Dankwa fell sick on September 14, 1958 and died two days later. The whole congregation believed he was not going to die because he was the “final prophet” of the last day from God and his miracles seemed to have attested to that fact. So, though worried by his illness, they were not expecting his death.
Notes on the Ossa-Madih tradition
Dankwa, who had no formal education including theology, used the model of the chieftaincy administration that exists among the Akans, the largest ethnic group in Ghana, as a means of administering the church and his community of believers, while adding a few ecclesiastical elements. Adapting the chieftaincy administration was necessary to some extent because Dankwa did not separate the church from society. For example, while Yeema was a complete town (Salem community where common belief and focus prevails) it was also a church. The administration Dankwa established persists in all Ossa-Madih churches. Some of the key positions and their responsibilities are:
Odikro/Asorehene (Chief of the town/church)
The first and foremost function of this administration is that of the Odikro (chief of the town) or Asorehene (chief of the church). His responsibility is similar to that of any chief in Akan communities. One of his many basic functions is to settle disputes and to seek the common welfare of the people. The Odikro/Asorehene has all the regalia that any Akan chief has. He is carried in palanquin during conventions like the other chiefs during festivals. His home is considered a palace or ahenfie and he has elders with whom he works. Due to urbanization and the high cost of land it is becoming difficult to bring together all the church members in a common town (Salem). For this reason, the name Odikro is gradually fading away leaving behind the title Asorehene.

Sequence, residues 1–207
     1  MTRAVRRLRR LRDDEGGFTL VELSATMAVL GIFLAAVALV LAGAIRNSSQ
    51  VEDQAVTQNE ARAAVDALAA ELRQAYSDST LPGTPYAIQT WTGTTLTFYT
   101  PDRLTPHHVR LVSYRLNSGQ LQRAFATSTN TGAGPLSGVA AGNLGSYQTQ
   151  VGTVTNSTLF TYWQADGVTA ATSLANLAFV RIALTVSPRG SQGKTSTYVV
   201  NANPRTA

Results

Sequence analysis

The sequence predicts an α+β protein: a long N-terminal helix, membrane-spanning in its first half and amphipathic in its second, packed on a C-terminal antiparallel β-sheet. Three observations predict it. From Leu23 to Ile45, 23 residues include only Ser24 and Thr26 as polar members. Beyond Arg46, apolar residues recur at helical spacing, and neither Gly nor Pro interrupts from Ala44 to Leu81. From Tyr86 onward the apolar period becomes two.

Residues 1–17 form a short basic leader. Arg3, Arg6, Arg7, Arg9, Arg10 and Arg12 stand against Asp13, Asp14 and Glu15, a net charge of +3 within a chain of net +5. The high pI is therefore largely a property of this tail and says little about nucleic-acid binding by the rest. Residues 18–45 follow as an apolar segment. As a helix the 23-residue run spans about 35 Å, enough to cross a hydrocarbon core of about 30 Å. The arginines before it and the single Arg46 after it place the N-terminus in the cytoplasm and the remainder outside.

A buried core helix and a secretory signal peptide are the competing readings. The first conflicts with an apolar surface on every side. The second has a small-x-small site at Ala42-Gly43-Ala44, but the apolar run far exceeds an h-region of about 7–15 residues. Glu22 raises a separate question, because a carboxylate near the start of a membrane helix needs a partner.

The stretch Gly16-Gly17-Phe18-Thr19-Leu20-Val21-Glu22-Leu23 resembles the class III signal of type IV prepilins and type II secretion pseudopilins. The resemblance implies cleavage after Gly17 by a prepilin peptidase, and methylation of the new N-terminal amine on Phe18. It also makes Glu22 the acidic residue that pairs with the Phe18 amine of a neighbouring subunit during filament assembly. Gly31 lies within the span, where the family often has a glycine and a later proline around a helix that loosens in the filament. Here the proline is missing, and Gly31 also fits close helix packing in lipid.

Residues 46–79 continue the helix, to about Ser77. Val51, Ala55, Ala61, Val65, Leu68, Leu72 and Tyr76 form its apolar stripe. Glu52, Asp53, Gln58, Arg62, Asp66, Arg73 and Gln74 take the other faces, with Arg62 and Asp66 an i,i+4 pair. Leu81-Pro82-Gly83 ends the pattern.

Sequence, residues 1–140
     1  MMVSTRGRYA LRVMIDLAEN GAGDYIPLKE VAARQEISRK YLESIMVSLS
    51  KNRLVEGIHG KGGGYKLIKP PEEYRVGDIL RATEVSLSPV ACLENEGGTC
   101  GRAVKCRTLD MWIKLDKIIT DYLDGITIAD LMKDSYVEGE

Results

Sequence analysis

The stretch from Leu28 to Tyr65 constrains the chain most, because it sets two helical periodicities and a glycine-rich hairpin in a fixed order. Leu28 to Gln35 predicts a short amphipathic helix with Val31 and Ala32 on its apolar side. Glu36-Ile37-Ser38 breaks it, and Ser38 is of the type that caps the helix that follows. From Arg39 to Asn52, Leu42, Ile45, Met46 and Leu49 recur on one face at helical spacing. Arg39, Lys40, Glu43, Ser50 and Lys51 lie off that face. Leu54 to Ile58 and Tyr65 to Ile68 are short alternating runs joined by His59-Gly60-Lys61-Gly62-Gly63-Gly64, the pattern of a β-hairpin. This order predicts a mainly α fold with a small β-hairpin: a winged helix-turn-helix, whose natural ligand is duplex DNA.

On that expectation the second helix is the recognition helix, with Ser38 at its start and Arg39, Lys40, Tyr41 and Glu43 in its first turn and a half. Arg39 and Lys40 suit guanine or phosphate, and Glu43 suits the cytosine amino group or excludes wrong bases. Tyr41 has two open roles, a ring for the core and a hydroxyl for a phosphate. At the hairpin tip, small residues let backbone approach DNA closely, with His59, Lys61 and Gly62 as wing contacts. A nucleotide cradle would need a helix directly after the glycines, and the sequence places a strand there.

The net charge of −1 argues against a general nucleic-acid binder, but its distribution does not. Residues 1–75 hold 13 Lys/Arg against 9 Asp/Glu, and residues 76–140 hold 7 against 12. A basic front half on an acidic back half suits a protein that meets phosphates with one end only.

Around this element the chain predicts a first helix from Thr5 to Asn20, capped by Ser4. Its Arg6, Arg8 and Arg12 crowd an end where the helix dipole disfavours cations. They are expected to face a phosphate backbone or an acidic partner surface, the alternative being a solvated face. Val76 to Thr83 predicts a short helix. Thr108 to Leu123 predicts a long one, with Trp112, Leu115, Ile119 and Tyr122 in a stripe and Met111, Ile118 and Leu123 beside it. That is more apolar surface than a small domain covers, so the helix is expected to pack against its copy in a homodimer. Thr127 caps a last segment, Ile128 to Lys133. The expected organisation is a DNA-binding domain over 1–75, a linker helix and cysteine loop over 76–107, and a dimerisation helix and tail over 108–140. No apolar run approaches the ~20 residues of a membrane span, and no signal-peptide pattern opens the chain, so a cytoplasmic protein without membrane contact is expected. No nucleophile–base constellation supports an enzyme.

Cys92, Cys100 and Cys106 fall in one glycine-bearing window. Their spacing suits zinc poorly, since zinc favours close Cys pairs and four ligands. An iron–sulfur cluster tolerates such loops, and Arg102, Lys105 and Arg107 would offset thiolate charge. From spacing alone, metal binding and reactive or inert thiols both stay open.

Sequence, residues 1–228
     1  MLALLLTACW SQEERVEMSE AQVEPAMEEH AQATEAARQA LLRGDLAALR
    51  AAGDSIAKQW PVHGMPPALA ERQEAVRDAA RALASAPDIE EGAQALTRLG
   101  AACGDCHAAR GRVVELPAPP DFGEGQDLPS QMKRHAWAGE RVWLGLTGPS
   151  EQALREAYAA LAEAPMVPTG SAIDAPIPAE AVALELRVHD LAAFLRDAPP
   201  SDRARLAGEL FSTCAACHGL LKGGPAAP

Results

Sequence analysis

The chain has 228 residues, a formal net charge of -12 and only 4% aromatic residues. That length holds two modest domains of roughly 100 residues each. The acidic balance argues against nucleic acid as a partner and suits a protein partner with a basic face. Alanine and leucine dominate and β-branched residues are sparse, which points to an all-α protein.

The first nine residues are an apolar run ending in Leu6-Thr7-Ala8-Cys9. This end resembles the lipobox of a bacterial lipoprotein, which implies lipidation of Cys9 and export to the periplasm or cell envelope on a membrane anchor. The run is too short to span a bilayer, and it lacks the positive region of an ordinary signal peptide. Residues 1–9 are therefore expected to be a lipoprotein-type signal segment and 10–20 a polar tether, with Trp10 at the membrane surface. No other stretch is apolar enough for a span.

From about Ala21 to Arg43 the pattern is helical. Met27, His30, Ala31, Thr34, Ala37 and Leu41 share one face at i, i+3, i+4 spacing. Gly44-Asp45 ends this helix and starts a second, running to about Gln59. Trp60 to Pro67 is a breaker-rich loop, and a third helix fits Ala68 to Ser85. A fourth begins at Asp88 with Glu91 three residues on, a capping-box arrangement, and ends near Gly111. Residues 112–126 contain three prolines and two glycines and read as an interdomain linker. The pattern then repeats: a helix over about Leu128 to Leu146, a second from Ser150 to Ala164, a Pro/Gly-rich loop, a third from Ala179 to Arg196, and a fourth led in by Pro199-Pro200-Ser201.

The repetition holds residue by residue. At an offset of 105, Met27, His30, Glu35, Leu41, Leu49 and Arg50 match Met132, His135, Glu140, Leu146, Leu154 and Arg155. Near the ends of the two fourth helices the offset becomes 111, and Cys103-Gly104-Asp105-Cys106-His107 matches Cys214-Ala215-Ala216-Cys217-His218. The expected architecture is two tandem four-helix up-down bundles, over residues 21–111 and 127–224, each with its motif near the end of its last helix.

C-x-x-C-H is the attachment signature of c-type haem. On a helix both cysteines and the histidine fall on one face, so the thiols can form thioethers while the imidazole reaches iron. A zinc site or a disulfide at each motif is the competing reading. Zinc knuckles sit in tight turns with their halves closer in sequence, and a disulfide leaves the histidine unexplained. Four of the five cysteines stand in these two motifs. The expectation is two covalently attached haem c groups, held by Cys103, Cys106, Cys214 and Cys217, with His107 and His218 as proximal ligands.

The person who occupies this office is the chief’s spokesperson in all gatherings and on the church premises. He is the mediator between the community and the chief. Therefore, one does not ever see the chief without going through the Okyeame. Other functions of the Okyeame in the Ossa-Madih church/community are very close to those of his counterpart in Akan communities.
Asore Panyin/Oman Panyin (Church/community elder)
The functions of this office are similar to the functions of the Abusua Panyin (head of family) in the Akan social setting. He functions as the custodian of the Ossa-Madih Salem/Ossa-Madih church and for that matter is involved in all high level decision making at all times. The first person to occupy this office was Samuel’s senior brother whose son succeeded him at the Ossa-Madih church headquarters. At a branch where Salem is not applicable the Asore Panyin title is maintained. In some instances there have been tensions between the Oman/Asore Panyin and the Asorehene concerning who has the higher authority.